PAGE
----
God is both the Promise-Maker and also the Expectation-Breaker.  And I find that paradigm explains a lot of the disappointments and doubts that I have in life.  And it helps me to know, in times of darkness and confusion, that God is faithful, but my expectations of life are not his priority.

Here's a little blurb from the rough-rough-rough draft of chapter 2 that I'm thinking through -- what I learned in Bria's baptism and what life is really supposed to be like . . .


What do we do when what we know is true clashes with our expectations? We glimpse God’s dream for us, we surrender our own, and then our expectations paint a glorious picture of everything wondrous that life will be.

Except it isn’t.

But wait a minute! We believed. We surrendered. We know what is true. And yet life looks nothing like we thought it would.

What then? What do you do when truth and expectation conflict?

For me, it’s been an ongoing battle, one that God brought to mind again recently when my my seven-year-old twins were baptized. The water sparkled as brightly as their eyes as they crossed their arms, plugged their nose, and prepared for the moment of submersion. Each were a little scared, a little nervous, but eager to commit their whole lives, surrender their whole selves, to their Savior. It was beautiful moment, a beautiful decision, and their faces glowed with the wonder of it.

Afterward, one of our pastors leaned over and looked into little Bria’s eyes. “Do you think it will be easier to follow Jesus now?”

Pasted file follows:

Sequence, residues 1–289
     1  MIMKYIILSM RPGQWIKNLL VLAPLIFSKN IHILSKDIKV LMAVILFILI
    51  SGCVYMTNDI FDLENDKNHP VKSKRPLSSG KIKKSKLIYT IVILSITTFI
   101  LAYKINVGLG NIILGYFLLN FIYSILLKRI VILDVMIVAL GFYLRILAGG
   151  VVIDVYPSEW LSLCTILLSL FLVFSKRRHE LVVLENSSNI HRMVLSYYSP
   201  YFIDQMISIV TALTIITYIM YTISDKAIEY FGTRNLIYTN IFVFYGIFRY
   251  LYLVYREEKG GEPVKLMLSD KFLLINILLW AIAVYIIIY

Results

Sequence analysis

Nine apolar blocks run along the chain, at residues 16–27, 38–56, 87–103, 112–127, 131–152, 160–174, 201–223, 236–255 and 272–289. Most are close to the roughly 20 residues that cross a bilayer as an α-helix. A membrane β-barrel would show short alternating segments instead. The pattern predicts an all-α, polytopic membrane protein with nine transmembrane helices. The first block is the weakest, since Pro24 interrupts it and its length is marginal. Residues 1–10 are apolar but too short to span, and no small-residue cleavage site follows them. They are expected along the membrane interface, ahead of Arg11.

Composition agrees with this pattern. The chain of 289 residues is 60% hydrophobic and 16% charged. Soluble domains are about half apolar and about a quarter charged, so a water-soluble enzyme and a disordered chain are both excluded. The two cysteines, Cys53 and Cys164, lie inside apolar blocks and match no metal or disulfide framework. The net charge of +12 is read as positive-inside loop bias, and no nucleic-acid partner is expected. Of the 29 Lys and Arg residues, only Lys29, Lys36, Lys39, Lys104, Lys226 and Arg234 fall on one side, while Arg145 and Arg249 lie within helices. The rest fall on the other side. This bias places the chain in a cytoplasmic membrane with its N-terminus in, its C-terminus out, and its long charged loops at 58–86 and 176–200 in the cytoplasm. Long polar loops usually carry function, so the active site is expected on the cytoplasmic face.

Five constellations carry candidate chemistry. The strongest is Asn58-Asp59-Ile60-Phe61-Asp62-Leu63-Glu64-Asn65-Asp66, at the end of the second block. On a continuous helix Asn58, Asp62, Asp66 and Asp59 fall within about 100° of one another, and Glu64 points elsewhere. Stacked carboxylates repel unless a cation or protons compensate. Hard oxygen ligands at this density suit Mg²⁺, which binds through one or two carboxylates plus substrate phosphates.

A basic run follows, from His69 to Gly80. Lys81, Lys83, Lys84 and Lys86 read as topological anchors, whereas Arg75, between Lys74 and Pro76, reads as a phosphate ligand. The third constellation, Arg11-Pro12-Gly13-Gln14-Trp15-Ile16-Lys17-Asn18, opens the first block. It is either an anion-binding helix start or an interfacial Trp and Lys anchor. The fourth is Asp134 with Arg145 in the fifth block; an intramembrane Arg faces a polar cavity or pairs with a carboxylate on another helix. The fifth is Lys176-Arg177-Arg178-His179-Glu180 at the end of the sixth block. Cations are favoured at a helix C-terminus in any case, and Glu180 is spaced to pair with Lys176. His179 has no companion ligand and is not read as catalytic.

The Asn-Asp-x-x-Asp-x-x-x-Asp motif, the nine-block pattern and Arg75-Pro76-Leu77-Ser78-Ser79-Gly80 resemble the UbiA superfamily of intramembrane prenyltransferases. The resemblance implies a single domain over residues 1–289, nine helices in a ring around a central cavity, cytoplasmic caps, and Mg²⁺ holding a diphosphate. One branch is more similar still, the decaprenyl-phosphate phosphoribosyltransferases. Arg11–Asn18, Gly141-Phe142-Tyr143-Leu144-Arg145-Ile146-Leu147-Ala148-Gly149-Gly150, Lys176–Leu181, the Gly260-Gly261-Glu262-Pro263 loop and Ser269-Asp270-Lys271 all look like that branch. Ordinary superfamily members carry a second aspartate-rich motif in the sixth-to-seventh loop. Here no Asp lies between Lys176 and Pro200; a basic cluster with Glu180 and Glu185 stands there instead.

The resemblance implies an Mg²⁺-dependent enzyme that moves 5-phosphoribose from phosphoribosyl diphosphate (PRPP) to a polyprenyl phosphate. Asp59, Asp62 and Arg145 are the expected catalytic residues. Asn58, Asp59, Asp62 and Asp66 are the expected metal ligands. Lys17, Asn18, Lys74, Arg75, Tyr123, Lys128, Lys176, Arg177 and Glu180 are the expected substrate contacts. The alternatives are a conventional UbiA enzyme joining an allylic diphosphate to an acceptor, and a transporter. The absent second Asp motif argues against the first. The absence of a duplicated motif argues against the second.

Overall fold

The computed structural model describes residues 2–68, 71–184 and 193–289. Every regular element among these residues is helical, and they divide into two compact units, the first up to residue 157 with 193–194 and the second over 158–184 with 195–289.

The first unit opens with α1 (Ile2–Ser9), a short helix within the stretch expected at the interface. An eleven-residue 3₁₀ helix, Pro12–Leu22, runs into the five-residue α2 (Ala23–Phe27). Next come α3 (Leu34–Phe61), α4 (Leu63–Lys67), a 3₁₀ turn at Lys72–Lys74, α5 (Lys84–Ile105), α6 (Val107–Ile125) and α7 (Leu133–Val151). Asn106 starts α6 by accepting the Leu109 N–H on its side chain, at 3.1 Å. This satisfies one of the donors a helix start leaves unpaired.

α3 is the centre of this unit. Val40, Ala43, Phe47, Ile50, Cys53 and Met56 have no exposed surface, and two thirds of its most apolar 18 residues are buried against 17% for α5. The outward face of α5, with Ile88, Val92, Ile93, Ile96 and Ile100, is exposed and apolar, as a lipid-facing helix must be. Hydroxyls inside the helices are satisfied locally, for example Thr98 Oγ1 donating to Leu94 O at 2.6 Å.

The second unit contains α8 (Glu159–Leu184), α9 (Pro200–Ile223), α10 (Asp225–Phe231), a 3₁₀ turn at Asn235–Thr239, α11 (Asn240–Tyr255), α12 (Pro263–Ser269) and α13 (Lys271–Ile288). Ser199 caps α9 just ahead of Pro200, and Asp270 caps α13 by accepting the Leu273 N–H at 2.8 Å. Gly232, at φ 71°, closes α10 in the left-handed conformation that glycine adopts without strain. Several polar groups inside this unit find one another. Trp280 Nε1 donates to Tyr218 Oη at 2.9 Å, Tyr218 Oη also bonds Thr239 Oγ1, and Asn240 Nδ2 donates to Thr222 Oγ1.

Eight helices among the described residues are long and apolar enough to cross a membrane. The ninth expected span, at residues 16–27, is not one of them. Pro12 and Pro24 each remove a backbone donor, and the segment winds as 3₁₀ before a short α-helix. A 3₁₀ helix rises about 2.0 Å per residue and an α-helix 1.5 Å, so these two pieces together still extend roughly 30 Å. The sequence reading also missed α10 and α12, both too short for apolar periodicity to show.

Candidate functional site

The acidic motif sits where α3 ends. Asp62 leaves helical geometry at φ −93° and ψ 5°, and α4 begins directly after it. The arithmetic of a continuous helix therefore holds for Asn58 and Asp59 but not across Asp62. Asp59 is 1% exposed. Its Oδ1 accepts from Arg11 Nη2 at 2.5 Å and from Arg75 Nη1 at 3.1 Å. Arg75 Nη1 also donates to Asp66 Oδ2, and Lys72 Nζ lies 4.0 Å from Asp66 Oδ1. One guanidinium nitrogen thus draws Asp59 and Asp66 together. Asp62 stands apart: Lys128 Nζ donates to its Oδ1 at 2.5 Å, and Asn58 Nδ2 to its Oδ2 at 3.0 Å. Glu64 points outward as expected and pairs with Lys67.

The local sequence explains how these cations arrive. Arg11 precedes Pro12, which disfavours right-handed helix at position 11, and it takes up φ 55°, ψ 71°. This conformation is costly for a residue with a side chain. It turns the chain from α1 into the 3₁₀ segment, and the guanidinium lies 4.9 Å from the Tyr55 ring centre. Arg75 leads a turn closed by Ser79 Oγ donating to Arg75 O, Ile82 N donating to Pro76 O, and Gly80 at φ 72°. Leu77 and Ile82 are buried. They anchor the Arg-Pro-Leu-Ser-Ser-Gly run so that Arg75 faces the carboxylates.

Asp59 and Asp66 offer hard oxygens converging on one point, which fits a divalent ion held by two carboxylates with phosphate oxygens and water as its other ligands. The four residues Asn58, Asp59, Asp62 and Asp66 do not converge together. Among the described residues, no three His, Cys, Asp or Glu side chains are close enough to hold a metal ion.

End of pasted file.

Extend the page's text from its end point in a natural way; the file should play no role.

A grin split her face. “Oh, yes!” She said the words with such enthusiasm, her voice alight with the wonder, the hope, the expectation of a songs-and-daisies walk with her Lord.

It broke my heart.

Because yes, it is easier to follow Jesus when you’re fully committed to him. It’s easy to grasp the hope and wonder when you’ve obeyed, when your heart is His. It’s easier. And yet, it’s not.

Because I know enough of the road ahead to see that her life with God won’t be all songs-and-daisies. Even though I’m sure that Jesus loves her deeply, that He died and rose again so that she might live with Him, I know that life won’t look anything like she expects. It won’t even look as I expect for her.

It will be filled with some glorious moments, some moments when Jesus is so clear, so vibrant that her faith with soar. But, it will also be filled with other moments, moments of confusion, heartache, when Jesus looks nothing like she expected him to be.